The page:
Electrochemical performance of NMC@carbon electrode composites
Figure 9a shows the voltage profiles obtained at C/24 for the blank electrode synthesized with unmodified NMC and Ketjen Black (—) and the two cathodes fabricated with NMC@CNT–COOH (red dashed line) and NMC@EG (blue dotted line) composites. While the electrodes synthesized with NMC@carbon composites delivered a specific capacity of approximately 155–160 mAh g−1, the blank electrode presented a capacity of approximately 180 mAh g−1, which is higher than the anticipated capacity of NMC622 at 4.2 V cut-off (i.e. 160 mAh g−1 in polymer electrolyte). This higher capacity is primarily due to an underestimation of the active material mass caused by the inhomogeneity of the electrode and bad dispersion of the pristine Ketjen Black carbon and active material in the polymer matrix. Figure 9b presents the rate capability of the same electrodes. A similar discharge capacity of ~ 150 mAh g−1 was obtained for all the electrodes from low C-rates up to C/12. When the cycling rate increased, a rapid capacity fading was observed for the blank electrode (filled square), which delivered a poor discharge capacity of 35 mAh g−1 at C/3, while NMC@EG (blue filled triangle) and NMC@CNT-COOH (red filled circle) cathodes delivered a discharge capacity of 130 and 135 mAh g−1, respectively, at the same rate. This is because of the intimate contact between modified-carbons and NMC particles providing enhanced electron pathway in the composite electrode. Moreover, the spontaneous conversion of aryl–COOH groups in Li-rich aryl–COO−Li+ moieties is considered to improve the Li+ ion transfer between the active material and polymer electrolyte that lead to a better performance at high C-rates47,48. It is worth noting that it is quite hard to achieve good quality of electrode using unmodified CNT. In fact, large agglomerates of carbon are obtained, as shown with the SEM image of Supplementary Fig. S1, even with intensive mixing in solvents or through mechanical mixing. Thus, the corresponding electrode was not fabricated. Additional electrochemical results for electrodes made with unmodified and grafted-VGCF carbons (see Supplementary Fig. S5) and with modified Ketjen carbon powders (see Supplementary Fig. S6) are presented in the Supporting Information.
Hence, carbon engineering is key to optimize the cathode formulation and boost the electrochemical performance of composite electrodes45.
We have demonstrated that using self-generated Li-rich carbons improves the electrochemical performance of solid-state batteries for uniform material dispersion, better electrode quality, neutral NMC particle surface by eliminating basic impurities (LiOH, Li2CO3), filling micro- and meso-pores of carbon by organic molecules, and improved Li+ ions transfer at the carbon/active material interface49. Future works will focus on the grafting of different hydrophilic molecules such as those represented in Fig. 1. In addition, the amount of lithiated groups generated in contact with NMC will be determined using solid-state nuclear magnetic resonance (NMR) and inductively coupled plasma (ICP) analytical techniques. Moreover, the same method will be utilized with Ni-rich NMC cathode materials (e.g. LiNi0.8Co0.1Mn0.1O2, NCM811), which are also well adapted to the technique described in this work.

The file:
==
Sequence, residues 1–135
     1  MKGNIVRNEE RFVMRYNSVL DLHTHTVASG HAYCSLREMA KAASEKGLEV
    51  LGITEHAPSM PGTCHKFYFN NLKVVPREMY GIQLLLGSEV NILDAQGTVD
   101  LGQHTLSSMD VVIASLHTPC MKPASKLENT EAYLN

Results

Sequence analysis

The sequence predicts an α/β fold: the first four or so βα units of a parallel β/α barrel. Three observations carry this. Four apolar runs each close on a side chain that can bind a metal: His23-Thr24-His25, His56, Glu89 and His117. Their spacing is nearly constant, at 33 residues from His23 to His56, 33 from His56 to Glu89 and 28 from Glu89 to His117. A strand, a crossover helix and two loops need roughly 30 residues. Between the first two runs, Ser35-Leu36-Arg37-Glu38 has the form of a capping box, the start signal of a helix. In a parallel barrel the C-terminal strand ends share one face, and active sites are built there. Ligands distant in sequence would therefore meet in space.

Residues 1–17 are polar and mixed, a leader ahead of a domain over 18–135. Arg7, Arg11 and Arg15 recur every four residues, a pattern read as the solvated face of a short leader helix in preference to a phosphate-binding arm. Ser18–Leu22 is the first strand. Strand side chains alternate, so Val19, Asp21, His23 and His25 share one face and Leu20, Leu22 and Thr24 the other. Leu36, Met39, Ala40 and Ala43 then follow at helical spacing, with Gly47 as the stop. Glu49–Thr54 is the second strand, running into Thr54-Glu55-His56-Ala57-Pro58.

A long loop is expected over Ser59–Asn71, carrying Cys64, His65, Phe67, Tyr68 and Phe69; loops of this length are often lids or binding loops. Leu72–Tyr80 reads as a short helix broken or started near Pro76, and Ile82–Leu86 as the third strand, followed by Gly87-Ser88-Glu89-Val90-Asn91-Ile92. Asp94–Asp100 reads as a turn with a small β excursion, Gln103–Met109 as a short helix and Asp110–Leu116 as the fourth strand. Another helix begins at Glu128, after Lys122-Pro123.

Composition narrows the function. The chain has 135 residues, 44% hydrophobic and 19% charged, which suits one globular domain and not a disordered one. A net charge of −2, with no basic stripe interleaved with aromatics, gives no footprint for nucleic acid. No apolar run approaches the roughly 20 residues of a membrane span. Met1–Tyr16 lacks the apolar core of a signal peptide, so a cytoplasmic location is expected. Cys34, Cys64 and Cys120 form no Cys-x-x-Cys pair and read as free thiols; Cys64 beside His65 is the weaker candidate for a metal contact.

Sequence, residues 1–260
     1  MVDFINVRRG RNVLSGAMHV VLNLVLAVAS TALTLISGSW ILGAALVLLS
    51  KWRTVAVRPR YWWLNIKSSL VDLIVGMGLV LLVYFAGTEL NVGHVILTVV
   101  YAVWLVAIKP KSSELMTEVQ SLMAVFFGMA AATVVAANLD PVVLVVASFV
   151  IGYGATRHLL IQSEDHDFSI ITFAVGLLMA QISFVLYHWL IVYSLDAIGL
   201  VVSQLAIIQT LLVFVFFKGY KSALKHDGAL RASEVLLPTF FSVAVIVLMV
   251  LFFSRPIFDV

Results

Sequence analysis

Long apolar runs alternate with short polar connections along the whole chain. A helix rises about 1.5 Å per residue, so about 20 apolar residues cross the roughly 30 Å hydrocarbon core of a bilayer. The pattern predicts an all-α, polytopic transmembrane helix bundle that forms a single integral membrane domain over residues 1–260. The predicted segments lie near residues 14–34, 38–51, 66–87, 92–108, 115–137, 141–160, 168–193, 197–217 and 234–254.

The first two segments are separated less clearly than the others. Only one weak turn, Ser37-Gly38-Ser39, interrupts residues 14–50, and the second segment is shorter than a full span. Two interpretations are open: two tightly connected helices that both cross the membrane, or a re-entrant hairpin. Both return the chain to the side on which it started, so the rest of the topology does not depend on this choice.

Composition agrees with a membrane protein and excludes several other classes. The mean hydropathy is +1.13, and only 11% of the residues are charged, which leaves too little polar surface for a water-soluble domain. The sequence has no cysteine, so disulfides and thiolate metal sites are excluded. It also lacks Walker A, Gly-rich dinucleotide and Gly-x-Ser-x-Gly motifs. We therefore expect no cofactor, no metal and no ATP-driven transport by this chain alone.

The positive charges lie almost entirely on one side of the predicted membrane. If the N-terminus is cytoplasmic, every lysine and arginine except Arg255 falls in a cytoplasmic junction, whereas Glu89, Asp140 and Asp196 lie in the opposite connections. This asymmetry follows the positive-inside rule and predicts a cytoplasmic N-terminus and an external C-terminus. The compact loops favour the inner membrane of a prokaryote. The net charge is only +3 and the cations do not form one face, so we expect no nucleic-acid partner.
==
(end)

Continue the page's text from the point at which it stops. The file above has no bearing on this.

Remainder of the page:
Synthesis of NTCDA-(aryl-NH2)2
According to a procedure previously described by our group37, dinitro-aryl-1,4,5,8-naphtalenetetra-carboxylic diimide molecule (NTCDA–(aryl–NO2)2) was first synthesized via the N-acylation reaction between 1,4,5,8-naphtalenetetra-carboxylic dianhydride (NTCDA) and 4-nitroaniline. Appropriate amount of the reagent was dissolved in 150 mL of anhydrous DMF followed by heating at 160 °C for 3 days until a clear brown color was obtained. The mixture was then filtered and washed with DMF and acetone by centrifugation until the supernatant was clear. The powder was dried overnight in an oven at 100 °C and then dispersed in 100 mL ethanol. A distillation column was placed on top and the mixture was purged in a nitrogen flow. The temperature was set to 110 °C. FeCl3·6H2O and iron powder were dispersed in a mixture of ethanol and glacial acetic acid, and then added dropwise to the flask over several minutes. After 2 days of reaction, the remaining Fe0 powder was recovered using strong magnets and the solution was filtered. The resultant solid was thoroughly washed with deionized water until an approximate pH of 7 was obtained. After a final wash with acetone, an orange powder was obtained with a 95% yield.